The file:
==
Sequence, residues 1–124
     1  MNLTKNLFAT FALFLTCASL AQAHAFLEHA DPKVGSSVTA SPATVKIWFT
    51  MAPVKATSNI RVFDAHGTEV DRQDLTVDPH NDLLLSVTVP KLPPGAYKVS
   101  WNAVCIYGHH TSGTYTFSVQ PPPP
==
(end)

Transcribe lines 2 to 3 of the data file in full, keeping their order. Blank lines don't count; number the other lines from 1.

     1  MNLTKNLFAT FALFLTCASL AQAHAFLEHA DPKVGSSVTA SPATVKIWFT
    51  MAPVKATSNI RVFDAHGTEV DRQDLTVDPH NDLLLSVTVP KLPPGAYKVS